In this video, Jim explains that a set of construction drawings, plans, or blueprints can contain many different views of the work to be built. The views in a set of construction plans can include two-dimensional plan views, elevation views, cross sections, and three-dimensional isometric views.
- [Instructor] I've used the term used views several times so far and now we're going to take a closer look at what these views really look like and the information that they contain. Including different views in a set of construction drawings is really important to help us visualize what the finished structure is supposed to look like. These views will help us take the information that's presented on a page in two dimensions and imagine what it will look like as we build it in the field. There's also some information that can only be found on one view and not the others.
So, what you need to remember regarding this is that sometimes when you get a new set of construction drawings the first thing you might need to do is flip through them to completely orient yourself to the project. And actually I'm going to say you should probably make this a habit. I think it's pretty common for people to flip right to the page or type of drawing that usually gives them the information they need for their trade and they might be a little confused because they haven't looked at the different views and might not have a complete understanding of how the project actually goes together.
And that's really the main point of this section. That is gaining an understanding that these different views are meant to work together to help present a complete picture of the project. Plan views can help you show the layout of a building and it's floor plan and room configurations but your going to have to see an elevation view to get an idea of what the building looks like from the outside. And, in a multi-story building, you're going to need to find a cross section view to help you understand things like floor to ceiling heights. If the project's really hard to visualize the designer might include an isometric view to give us a three dimensional look at the structure.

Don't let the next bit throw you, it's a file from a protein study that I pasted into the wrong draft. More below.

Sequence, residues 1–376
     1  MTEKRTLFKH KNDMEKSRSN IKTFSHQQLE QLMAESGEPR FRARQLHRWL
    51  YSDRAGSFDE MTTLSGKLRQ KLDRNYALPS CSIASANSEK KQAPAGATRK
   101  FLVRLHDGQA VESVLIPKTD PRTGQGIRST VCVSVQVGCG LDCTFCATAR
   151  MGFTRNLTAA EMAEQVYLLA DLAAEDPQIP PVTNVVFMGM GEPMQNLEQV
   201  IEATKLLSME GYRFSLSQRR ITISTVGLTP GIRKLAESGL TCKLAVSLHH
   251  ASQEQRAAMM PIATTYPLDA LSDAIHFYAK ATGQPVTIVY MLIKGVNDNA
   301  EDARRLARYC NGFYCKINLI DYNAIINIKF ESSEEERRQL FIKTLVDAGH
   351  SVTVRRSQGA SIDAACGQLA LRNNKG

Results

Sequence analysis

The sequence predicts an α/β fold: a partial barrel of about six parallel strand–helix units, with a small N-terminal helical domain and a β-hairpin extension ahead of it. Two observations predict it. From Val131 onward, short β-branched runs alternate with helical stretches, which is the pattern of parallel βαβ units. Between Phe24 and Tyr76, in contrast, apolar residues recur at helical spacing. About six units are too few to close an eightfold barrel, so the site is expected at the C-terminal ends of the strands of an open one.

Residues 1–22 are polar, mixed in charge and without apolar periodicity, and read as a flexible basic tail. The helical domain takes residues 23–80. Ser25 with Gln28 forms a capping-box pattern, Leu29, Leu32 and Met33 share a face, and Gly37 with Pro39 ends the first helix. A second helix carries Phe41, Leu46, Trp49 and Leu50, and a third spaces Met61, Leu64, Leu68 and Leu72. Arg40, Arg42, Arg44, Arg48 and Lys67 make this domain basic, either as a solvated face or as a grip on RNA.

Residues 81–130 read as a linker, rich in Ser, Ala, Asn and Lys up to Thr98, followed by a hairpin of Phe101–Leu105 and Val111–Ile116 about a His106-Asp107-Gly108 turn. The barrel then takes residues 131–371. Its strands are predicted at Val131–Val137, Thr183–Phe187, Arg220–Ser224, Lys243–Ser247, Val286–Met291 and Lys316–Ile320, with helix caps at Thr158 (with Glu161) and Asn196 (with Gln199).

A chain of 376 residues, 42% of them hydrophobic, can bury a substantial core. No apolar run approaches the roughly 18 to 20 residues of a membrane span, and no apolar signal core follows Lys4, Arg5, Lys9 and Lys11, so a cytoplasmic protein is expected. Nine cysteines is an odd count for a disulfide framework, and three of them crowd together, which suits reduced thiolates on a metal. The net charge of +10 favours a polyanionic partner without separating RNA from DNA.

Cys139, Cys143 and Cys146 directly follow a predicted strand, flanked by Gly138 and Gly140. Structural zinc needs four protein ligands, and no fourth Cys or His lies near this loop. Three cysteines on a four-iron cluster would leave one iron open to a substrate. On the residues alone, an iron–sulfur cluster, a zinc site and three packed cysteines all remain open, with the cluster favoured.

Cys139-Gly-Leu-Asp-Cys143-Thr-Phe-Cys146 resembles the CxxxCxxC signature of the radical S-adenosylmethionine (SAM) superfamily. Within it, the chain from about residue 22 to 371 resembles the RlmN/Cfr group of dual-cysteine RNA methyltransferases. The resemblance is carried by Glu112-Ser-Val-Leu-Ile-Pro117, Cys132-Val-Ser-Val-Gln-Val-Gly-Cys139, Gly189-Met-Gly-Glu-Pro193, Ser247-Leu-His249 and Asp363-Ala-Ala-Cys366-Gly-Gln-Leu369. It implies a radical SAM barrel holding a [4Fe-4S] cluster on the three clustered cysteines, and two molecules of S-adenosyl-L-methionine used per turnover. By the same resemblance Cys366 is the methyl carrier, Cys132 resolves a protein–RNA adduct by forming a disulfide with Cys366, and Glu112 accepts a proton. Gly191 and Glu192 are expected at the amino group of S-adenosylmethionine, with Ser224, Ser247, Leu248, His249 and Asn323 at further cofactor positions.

Now, let's use our sample digital drawings and we'll take a more detailed look at each of these views.
In this course, learn how to read construction drawings. Jim Rogers helps you acquire this important skillset by taking you through the different components that make up construction plans, and helping you understand the language of construction drawings. He covers types of views, highlights different kinds of construction drawings—including architectural drawings, electrical drawings, and plumbing drawings—explains how to read general notes, and more.
- Deciphering the language of construction drawings
- Understanding line types
- Reviewing plan views, elevation views, section views, and isometric views
- Reviewing architectural drawings, structural drawings, and mechanical drawings
- Drilling down to the details
- Reviewing reference points on drawings
- Understanding schedules
- The future of construction drawings